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Nukes on bomber flight over U.S.

By Alan Maass | September 14, 2007 | Pages 1 and 4

AN AIR Force bomber flew for three-and-a-half hours across the U.S. with six Cruise missiles, armed with nuclear warheads, loaded on its wings--all by mistake, according to the military.

The B-52 was equipped with the missiles--each carrying up to 150-kilton warheads, with 10 times the destructive force of the atomic bomb dropped on Hiroshima--at Minot Air Force Base in North Dakota, and then flown to Barksdale Air Force Base in Louisiana.

"You can wipe out a good-sized city with a 5-kiloton blast," a Greenpeace analyst told the Chicago Tribune.

Backpedaling after the story emerged when three officers leaked details to the Military Times newspapers, Pentagon officials insisted there was never any danger. "At no time was there a threat to public safety," said Lt. Col. Ed Thomas said.

Perhaps the Midwesterners who live along the 1,000-mile-plus flight path disagree.

Another Air Force spokesperson declared, "The weapons were always in our custody"--apparently to draw attention to the fact that they at least weren't stolen in midair during their journey across the U.S.

Coming amid U.S. officials' frantic warnings about Iran developing nuclear weapons--not to mention their lectures to Vladimir Putin to keep a closer watch on Russia nuclear weapons and materials--the flight of the nuclear-armed B-52 was a major embarrassment for Defense Secretary Robert Gates and his boss, George Bush.

The incident was also a stark reminder from a frightening chapter in U.S. history--the Cold War with the former USSR, when it was U.S. military policy to keep nuclear-armed planes in the air at all times.

That policy changed in the late 1960s after a series of accidents, including a midair collision that spread radioactive contamination across a part of the countryside in Spain. But until 1991, bombers armed with weapons remained poised on runways, ready for a quick takeoff. After the collapse of the former USSR, George H.W. Bush ordered all nukes to be removed from aircraft and kept in storage facilities.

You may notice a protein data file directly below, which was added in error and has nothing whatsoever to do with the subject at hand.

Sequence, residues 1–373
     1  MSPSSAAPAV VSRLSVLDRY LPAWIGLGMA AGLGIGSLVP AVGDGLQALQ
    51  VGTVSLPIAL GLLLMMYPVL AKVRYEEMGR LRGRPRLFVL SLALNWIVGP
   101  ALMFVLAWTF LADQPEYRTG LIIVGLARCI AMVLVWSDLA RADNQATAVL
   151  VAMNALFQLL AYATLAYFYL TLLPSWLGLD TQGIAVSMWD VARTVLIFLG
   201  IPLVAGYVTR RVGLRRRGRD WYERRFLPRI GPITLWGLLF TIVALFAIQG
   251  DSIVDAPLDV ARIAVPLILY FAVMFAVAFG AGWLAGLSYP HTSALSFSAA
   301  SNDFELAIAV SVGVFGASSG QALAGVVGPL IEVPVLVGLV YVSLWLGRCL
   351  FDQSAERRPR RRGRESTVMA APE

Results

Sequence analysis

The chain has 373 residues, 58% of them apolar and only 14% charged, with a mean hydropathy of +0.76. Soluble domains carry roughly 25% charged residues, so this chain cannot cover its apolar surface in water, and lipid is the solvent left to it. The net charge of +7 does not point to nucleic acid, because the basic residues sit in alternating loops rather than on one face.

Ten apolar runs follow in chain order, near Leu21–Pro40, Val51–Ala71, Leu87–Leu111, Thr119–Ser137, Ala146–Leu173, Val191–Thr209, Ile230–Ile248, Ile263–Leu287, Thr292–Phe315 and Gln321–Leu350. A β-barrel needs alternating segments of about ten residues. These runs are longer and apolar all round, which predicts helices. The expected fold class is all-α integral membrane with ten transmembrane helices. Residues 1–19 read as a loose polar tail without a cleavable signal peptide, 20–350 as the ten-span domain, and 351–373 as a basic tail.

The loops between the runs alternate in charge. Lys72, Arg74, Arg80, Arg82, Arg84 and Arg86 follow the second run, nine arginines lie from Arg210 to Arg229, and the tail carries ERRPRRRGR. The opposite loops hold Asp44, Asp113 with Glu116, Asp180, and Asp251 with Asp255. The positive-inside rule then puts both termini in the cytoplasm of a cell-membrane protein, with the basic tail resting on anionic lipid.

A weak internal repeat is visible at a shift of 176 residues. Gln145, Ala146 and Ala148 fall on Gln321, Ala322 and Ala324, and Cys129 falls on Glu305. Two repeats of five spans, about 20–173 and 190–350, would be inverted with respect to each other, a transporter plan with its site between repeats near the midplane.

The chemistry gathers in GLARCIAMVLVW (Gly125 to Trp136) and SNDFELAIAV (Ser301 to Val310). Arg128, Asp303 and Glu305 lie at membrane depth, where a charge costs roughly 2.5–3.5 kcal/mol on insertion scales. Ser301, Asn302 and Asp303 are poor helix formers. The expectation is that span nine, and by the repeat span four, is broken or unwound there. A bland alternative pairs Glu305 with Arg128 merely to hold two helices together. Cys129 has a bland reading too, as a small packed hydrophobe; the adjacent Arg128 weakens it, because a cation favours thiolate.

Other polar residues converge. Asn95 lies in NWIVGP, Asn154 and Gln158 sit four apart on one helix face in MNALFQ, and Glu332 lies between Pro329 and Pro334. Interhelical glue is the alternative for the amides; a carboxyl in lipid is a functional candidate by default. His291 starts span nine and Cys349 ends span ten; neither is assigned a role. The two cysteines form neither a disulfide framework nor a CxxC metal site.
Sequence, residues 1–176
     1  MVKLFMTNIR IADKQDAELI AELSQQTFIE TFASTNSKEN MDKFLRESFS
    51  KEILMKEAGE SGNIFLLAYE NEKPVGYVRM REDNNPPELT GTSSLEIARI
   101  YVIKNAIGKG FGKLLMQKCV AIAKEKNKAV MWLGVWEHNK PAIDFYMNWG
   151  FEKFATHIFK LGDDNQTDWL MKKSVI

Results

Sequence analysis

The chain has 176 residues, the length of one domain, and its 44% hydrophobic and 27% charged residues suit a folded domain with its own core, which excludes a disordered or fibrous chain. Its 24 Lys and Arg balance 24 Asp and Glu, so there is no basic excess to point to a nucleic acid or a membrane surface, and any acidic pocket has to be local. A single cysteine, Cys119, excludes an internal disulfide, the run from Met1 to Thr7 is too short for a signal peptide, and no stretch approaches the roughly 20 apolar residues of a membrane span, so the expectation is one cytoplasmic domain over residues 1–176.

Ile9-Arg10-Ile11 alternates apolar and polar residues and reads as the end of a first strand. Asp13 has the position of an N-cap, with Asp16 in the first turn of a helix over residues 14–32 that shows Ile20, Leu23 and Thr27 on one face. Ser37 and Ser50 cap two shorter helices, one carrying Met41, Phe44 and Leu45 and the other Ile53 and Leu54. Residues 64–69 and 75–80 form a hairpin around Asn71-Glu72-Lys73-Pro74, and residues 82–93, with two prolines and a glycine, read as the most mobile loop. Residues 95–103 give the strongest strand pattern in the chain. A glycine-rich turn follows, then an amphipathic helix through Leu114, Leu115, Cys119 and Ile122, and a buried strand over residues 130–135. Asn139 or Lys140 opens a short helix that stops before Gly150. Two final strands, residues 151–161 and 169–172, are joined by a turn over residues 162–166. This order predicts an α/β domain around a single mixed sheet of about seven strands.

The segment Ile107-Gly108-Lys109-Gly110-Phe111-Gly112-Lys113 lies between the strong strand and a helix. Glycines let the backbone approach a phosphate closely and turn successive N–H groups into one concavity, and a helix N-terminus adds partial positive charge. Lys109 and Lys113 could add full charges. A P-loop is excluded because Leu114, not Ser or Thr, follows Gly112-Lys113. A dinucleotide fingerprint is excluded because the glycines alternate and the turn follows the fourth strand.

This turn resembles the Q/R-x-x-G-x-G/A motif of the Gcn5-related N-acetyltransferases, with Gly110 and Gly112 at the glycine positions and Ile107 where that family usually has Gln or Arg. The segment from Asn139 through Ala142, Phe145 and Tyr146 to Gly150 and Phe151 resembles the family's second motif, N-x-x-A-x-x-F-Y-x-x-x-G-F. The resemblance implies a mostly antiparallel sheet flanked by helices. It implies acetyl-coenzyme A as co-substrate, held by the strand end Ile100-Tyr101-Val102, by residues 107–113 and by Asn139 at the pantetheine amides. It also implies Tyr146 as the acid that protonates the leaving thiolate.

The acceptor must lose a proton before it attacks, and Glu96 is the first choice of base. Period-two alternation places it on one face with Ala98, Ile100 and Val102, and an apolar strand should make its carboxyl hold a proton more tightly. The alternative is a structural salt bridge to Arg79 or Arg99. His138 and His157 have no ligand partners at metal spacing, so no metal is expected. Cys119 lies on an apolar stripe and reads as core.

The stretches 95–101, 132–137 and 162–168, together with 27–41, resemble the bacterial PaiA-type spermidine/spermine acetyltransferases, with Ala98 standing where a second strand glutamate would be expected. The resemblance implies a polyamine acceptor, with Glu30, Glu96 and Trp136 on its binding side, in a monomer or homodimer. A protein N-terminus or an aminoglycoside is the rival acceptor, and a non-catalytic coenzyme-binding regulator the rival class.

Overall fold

But the U.S. military's nuclear arsenal remains the largest in the world, by far. The U.S. has nearly 10,000 warheads, with a significant portion ready to be launched within minutes.

In contrast to the dominant image of nuclear weapons waiting in silos, many new warheads are designed for more mobile delivery systems--like the Cruise missiles attached to the wings of B-52s.

The military insists--and former Air Force personnel, commenting on the Internet, confirmed--that there is a labyrinth of safeguards to stop a B-52 from being loaded with nukes. "I just can't imagine how all of this happened," said Philip Coyle, an analyst at the Center for Defense Information. "The procedures are so rigid; this is the last thing that's supposed to happen."

Thus, many questions continue to loom over the incident. One of the scariest is why the warheads were ever taken out of storage in the first place, even if they were supposed to be moved by the military's accepted procedure of carrying them on cargo planes.

If the weapons were slated to be decommissioned, as some in the media suggested, they would normally be sent to Kirtland Air Force Base in New Mexico. Instead, the nukes ended up at Barksdale--which just happens to be the chief base for launching long-range air attacks against the Middle East.

Cruise missiles with conventional warheads were loaded onto planes at Barksdale to strike targets in Iraq during Bill Clinton's air attacks of the 1990s, and the Operation Shock and Awe bombardment ordered by George Bush in 2003.

However the six warheads made it onto the B-52, the U.S. government's nuclear hypocrisy has been revealed again.

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